(a) MCA biplot positioning the researchers and variables with respect to the two dimensions. The blue circles indicate the researchers. The red triangles indicate the variables, where the 7 original variables are split into the position for a “yes” or “no” answer by the sub-indices “_y” and “_n” respectively. (b) MCA factor map grouping the interviewed researchers per publication metric variable, shown in a different color for each variable. The ellipses indicate potential groupings of the researchers by their response of whether each publication metric was of importance to them or not.

A more detailed view of this clustering of researchers is shown in Fig 2B. Here we see that for each publication metric but international collaborations, there is a clear divide between researchers with a High a or Low a based on their positive or negative correlation with Dimension 1. The greater axis of each ellipse skews towards Dimension 1, indicating that it is the most influential dimension.

Actual publication metrics

To examine whether the publication metrics the interviewed researchers indicated as important to their publication strategies are influenced at all by their actual actions and practices, a quantitative analysis of their publications from 2013 to 2018 was performed. To indicate focus on NP, NC, h-index, high JIF, field specific journals, local collaborations and international ones, we examined the publication metrics given in Table 2.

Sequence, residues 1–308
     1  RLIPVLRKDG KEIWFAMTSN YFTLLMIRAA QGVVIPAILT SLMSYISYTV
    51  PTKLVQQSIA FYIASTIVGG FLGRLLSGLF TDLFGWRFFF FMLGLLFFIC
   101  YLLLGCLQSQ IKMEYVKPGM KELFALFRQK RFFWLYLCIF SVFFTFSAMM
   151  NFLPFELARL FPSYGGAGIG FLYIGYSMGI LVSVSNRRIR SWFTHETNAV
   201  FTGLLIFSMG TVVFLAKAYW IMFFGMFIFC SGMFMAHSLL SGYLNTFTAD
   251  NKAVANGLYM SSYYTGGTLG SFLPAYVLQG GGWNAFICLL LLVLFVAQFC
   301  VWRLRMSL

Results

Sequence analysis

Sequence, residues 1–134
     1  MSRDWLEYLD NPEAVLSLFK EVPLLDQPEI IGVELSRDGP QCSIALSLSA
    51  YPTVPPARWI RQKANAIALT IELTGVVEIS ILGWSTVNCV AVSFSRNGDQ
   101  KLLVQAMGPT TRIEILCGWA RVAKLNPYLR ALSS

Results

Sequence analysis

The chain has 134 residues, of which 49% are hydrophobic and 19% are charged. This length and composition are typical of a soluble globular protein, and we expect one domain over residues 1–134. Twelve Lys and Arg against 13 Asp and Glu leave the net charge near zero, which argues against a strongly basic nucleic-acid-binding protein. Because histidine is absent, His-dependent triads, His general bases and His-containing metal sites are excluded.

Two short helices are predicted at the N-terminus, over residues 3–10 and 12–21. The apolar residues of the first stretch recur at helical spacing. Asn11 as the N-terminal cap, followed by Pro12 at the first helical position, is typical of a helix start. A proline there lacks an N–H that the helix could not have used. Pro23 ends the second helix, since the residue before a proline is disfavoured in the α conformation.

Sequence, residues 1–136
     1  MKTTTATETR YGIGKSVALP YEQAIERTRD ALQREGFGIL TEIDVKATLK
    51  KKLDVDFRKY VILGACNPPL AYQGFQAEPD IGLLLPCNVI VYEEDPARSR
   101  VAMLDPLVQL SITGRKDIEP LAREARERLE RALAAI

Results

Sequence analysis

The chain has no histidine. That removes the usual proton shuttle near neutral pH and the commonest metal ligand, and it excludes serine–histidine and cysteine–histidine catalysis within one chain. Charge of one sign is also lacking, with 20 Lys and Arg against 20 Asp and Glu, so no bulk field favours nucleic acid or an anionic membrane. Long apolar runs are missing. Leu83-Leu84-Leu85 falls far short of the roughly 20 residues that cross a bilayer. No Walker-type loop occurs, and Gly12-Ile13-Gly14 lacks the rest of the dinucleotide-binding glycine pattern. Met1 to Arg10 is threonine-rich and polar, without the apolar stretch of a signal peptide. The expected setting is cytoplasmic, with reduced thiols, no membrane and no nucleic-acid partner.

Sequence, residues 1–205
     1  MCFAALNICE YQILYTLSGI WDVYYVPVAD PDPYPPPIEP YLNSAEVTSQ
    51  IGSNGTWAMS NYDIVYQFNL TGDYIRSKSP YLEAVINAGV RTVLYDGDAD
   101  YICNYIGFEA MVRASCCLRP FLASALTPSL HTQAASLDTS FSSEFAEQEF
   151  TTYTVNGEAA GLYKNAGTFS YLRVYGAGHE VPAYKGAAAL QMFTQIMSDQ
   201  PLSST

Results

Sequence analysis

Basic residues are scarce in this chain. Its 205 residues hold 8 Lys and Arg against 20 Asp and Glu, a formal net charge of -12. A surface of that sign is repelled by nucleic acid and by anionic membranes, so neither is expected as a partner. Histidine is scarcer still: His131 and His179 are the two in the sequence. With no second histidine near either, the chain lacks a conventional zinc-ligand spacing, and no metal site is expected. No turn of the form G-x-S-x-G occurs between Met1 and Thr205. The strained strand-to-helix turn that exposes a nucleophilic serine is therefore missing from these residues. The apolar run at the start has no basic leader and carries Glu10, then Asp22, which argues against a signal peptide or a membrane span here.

Table 2. Actual publication metrics used to examine preference for each of the initial publication metric variables in the researcher’s publication strategies.

In Table 3 the value of these actual publication metrics is listed, for each researcher. The variables are used to broadly support each researcher’s stated focus on NP, NC, h-index, high JIF journals, field specific journals, local collaboration and international collaboration, respectively. Within this time period, researchers with High a have an overall higher average NC6, h5-index, and international collaboration rate, while researchers with Low a have published a larger percentage of their publications in lower ranked journals (Field6). The average number of publications and percentage of local collaborations is almost the same for High and Low a researchers, while the percentage of publications in the top 1% of journals (JIF6) is highly researcher dependent.

Table 3. Actual publication metrics of interviewed researchers based on publications from 2013–3018 used as supplementary variables for the MCA.

The degree of efficiency, a, separates the researchers into “Low a” and “High a”. The remaining 7 variables, as explained in Table 2, can indicate each researcher’s focus on NP, NC, h-index, high JIF journals, field specific journals, local collaboration and international collaboration, respectively.